Fukushima Reactor Photographs Raise Safety Concerns: Robotic exploration of one of the three damaged reactors at Japan’s stricken Fukushima nuclear power plant revealed exposed steel bars in the main supporting structure and parts of its thick external concrete wall missing, raising questions about the facility’s ability to withstand another major earthquake.
Since last year, the plant’s operator, Tokyo Electric Power Company Holdings, has been sending robotic probes into the primary containment chamber of Unit 1. New findings from an investigation done at the end of March were revealed on Tuesday.
One ROV designated ROV-A2, was launched far below the surface to explore the interior of the pedestal holding the core of Unit 1. Because the facility was devastated by an earthquake and tsunami 12 years ago, the photographs it returned were unprecedented. There will likely be evidence of the melted gasoline inside the pedestal.
A roughly five-minute video, taken as part of the robot’s 39-hour picture collection, revealed that the pedestal’s 120-centimeter (3.9-foot) thick concrete shell had been extensively broken towards its bottom, revealing the steel reinforcement inside.
Keisuke Matsuo, a spokesman for TEPCO, told reporters on Tuesday that the steel reinforcement appears to be mostly intact, but that the company will be conducting additional analyses of data and images over the next couple of months to determine whether or not the reactor’s earthquake resistance can be improved.
Several people are worried about the reactor’s stability after seeing photos of the exposed steel reinforcing.
Melted nuclear fuel from the three reactors weighs around 880 tons and is extremely radioactive. While robotic probes have revealed certain details, much about the melting debris remains unclear.
As compared to the quantity of damaged fuel removed during the cleanup of the 1979 partial core meltdown at the Three Mile Island nuclear facility in the United States, this amount is around 10 times larger.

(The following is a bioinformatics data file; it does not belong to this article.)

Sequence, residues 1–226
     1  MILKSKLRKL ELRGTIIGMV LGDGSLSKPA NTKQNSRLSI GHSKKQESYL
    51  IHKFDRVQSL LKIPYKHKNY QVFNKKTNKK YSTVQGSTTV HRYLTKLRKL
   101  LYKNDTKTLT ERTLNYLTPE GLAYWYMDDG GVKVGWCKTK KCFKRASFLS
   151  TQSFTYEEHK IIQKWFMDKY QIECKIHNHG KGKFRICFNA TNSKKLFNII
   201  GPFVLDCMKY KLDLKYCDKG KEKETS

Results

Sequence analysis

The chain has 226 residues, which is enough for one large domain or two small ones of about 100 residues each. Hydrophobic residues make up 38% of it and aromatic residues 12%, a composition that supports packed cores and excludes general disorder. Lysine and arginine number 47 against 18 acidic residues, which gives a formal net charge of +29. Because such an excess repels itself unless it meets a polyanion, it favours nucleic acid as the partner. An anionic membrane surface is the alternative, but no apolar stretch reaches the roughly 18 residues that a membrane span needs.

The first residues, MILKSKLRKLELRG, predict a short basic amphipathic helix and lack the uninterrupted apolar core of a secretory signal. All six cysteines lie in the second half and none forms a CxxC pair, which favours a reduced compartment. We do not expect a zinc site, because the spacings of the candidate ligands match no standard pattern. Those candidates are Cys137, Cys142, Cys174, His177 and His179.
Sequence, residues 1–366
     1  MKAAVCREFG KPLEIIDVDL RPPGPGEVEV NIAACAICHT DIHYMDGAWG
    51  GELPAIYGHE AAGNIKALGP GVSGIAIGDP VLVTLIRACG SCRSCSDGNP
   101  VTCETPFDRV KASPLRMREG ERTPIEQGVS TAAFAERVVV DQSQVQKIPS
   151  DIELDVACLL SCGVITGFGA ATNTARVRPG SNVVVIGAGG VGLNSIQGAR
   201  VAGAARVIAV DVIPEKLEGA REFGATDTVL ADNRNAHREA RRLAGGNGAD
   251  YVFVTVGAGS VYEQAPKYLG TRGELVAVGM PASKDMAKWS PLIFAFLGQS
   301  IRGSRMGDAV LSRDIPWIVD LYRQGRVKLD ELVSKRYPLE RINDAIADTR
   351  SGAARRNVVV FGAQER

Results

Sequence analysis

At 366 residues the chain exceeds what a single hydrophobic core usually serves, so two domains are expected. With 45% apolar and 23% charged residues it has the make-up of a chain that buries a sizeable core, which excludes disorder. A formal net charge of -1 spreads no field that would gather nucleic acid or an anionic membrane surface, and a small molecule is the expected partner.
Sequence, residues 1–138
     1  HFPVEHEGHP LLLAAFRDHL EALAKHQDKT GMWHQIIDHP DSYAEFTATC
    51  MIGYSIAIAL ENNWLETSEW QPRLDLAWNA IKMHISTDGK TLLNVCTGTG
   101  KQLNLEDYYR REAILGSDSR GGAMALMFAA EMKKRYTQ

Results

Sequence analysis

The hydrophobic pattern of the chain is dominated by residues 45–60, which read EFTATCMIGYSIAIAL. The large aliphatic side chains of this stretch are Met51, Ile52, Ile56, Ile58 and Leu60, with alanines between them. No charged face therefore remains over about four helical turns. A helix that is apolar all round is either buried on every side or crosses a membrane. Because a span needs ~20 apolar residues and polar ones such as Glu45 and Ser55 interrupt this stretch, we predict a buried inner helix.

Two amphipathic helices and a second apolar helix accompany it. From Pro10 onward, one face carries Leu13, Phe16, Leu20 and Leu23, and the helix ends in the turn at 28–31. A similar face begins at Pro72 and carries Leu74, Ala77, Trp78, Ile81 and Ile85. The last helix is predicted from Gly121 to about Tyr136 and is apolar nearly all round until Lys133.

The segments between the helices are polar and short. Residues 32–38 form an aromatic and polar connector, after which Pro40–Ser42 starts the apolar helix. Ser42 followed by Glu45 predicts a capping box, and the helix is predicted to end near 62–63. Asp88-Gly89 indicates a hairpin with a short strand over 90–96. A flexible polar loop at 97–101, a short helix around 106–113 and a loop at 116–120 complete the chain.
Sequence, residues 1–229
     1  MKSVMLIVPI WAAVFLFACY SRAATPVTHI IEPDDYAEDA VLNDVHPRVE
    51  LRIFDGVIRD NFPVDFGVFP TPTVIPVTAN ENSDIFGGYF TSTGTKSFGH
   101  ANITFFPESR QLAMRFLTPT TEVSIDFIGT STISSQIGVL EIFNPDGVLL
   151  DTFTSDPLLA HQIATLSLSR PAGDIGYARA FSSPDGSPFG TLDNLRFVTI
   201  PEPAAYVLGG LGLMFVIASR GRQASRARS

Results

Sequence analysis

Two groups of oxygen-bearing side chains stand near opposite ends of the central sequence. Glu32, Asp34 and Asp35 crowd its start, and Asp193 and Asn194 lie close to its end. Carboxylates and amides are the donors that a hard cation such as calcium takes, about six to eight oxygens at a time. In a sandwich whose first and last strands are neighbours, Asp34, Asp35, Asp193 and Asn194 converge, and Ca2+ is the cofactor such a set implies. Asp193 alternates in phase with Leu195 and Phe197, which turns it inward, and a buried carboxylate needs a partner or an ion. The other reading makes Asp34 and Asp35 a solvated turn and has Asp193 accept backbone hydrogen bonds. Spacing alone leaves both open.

The Governor of Fukushima, Masao Uchibori, has asked TEPCO to “swiftly evaluate levels of earthquake resistance and provide information in a way prefectural residents can easily understand and relieve concern of the residents and people around the country.”
Matsuo stated that the robot’s footage revealed a pile of debris 40-50 centimeters (1.3-1.6 feet) high at the bottom of the primary containment chamber, which may have been hardened nuclear fuel that had fallen from the core.
Officials from the firm have speculated that the meltdowns in each reactor may have developed differently due to the difference in height between the pile and the mounds detected in photographs collected during prior internal examinations.
Matsuo has stated that the information gathered by the newest probe will aid scientists in devising strategies for clearing the debris and analyzing the meltdowns of 2011. After a year of collecting and analyzing the data, TEPCO hopes to have a detailed three-dimensional map of the melted fuel and debris.
Experts believe that most of the melted fuel within Unit 1 dropped to the bottom of the primary containment chamber, but that some may have even fallen through into the concrete foundation, which would make the already challenging process of decommissioning even more so.
Unit 2’s trial cleanup of melted debris is slated to begin later this year, approximately two years after it was originally scheduled to begin. A 10-year delay has been planned before the evacuation of spent fuel from the Unit 1 reactor’s cooling pool begins.
The focus will shift from removing spent fuel from the pools to removing melted debris from the reactors in 2031.